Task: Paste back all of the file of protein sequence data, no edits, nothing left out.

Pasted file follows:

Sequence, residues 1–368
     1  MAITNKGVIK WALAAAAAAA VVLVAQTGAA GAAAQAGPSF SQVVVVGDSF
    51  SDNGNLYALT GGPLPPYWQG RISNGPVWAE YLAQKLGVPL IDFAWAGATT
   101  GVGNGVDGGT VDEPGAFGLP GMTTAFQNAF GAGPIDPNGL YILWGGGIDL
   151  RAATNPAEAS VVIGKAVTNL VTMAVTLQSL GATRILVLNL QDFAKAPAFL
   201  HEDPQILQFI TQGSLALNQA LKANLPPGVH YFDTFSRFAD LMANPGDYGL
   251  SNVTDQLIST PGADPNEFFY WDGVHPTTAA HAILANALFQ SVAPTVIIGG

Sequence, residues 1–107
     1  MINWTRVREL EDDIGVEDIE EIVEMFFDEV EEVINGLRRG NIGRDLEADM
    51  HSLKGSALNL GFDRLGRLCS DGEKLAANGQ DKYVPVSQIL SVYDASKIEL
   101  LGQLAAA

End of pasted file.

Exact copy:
Sequence, residues 1–368
     1  MAITNKGVIK WALAAAAAAA VVLVAQTGAA GAAAQAGPSF SQVVVVGDSF
    51  SDNGNLYALT GGPLPPYWQG RISNGPVWAE YLAQKLGVPL IDFAWAGATT
   101  GVGNGVDGGT VDEPGAFGLP GMTTAFQNAF GAGPIDPNGL YILWGGGIDL
   151  RAATNPAEAS VVIGKAVTNL VTMAVTLQSL GATRILVLNL QDFAKAPAFL
   201  HEDPQILQFI TQGSLALNQA LKANLPPGVH YFDTFSRFAD LMANPGDYGL
   251  SNVTDQLIST PGADPNEFFY WDGVHPTTAA HAILANALFQ SVAPTVIIGG

Sequence, residues 1–107
     1  MINWTRVREL EDDIGVEDIE EIVEMFFDEV EEVINGLRRG NIGRDLEADM
    51  HSLKGSALNL GFDRLGRLCS DGEKLAANGQ DKYVPVSQIL SVYDASKIEL
   101  LGQLAAA